In addition to the hit consumers receive, S. Vincent Rajkumar, the author of the Blood Cancer Journal article, posits that there are impacts to healthcare budgets, other areas of public investment, higher insurance premiums, and although counterintuitive, possibly even slowing innovation within the industry.2 In addition to the current outsized costs, he states research that “These high spending rates are expected to increase at a rate of 3–6% annually worldwide.”2 Not surprisingly (considering where this article appears), he also cites that, “In 2018, global spending on cancer treatments was approximately $150 billion, and has increased by >10% in each of the past five years.”2,12
All these startling numbers pose obvious questions: what are other possible causes of these trends and just as importantly, what can be done if anything?
Reasons and Solutions
In his article, The High Cost of Prescription Drugs: Causes and Solutions, Rajkumar also lays out in table format (reproduced below) some of the prevailing reasons of, and his proposed solutions to the current model of prescription pricing. It presents a very succinct and insightful analysis.2 Some of the points we have addressed in previous blogs, which are linked to related topics, and have made or shared numerous social media posts about them too.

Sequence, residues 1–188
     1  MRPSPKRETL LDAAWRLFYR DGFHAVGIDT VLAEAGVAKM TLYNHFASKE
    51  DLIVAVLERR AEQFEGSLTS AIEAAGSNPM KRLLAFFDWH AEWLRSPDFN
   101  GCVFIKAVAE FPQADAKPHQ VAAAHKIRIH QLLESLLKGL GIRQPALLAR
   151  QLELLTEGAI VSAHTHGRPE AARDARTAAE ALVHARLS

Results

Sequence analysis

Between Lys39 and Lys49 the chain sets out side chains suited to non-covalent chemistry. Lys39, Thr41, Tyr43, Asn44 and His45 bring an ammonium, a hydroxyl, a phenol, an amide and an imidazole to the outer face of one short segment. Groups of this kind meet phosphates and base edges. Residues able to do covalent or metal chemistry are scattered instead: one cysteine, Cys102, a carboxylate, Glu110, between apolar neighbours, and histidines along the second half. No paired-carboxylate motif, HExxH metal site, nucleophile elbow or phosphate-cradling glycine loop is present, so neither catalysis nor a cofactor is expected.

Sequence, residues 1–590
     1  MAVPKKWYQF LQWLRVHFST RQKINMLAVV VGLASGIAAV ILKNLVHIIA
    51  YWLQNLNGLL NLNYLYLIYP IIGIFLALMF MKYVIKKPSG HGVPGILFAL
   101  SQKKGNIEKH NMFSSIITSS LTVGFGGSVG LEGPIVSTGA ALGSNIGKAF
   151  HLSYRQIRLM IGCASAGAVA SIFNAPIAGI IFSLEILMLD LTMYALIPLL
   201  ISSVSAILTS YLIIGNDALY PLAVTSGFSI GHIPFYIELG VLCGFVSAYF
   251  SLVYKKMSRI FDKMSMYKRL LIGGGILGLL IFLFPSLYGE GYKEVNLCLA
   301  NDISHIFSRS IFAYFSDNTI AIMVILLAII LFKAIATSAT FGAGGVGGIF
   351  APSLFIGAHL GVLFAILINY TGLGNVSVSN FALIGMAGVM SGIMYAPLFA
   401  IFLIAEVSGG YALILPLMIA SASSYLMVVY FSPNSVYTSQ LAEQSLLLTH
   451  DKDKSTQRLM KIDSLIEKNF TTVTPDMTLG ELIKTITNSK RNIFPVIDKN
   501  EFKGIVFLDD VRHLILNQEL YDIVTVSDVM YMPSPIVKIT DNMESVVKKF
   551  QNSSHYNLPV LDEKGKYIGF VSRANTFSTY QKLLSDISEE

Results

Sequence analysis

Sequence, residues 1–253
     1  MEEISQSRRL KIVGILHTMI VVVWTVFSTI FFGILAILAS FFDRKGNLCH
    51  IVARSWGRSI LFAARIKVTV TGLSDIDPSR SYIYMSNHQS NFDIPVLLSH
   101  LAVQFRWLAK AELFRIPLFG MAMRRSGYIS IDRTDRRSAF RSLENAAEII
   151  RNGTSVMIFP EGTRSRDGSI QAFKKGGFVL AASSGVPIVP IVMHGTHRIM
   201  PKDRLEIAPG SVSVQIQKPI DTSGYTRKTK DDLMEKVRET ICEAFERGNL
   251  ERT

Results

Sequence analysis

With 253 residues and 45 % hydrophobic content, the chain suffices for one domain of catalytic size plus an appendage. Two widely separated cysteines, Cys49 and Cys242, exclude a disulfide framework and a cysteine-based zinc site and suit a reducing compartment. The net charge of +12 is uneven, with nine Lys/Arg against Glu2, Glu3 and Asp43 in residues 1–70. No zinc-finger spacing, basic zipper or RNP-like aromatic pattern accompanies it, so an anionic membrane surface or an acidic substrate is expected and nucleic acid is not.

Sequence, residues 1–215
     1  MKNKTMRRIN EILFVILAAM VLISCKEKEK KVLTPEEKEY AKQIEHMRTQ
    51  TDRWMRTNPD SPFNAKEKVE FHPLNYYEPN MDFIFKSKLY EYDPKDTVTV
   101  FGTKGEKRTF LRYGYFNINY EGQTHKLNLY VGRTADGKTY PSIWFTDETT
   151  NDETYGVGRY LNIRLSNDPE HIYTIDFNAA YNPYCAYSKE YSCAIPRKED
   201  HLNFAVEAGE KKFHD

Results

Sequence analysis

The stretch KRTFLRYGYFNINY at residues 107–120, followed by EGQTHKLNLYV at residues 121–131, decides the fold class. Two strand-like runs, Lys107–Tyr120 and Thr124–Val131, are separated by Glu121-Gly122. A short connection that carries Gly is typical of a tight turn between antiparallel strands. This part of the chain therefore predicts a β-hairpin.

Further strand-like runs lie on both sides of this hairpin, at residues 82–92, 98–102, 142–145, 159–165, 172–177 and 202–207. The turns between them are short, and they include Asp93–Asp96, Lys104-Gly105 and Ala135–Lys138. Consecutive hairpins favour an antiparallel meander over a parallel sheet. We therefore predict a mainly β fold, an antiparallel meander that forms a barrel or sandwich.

|Factor contributing to high price||Proposed solutions|
|Global policy level|
|Monopoly/oligopoly||Patent reform, including fixed duration of patent protection, starting with first approval and prohibiting additional patents on approved drugs that seek to increase patent life.|
Penalties for pay-for-delay schemes and frivolous lawsuits that delay generic or biosimilar entry.
Expedite approval processes for generics and biosimilars, including reciprocal approval arrangements among countries.
Nonprofit generic manufacturing.
|Seriousness of the disease||Greater use of compulsory licensing if negotiations on reasonable price are not successful for life-threatening diseases.|
|Drug development costs||Regulatory reform to minimize the amount of supplemental data needed for approval.|
Harmonize differences in regulatory standards for submission and approval between the United States and Europe.
Discourage approval of drugs with statistically significant but clinically insignificant benefits.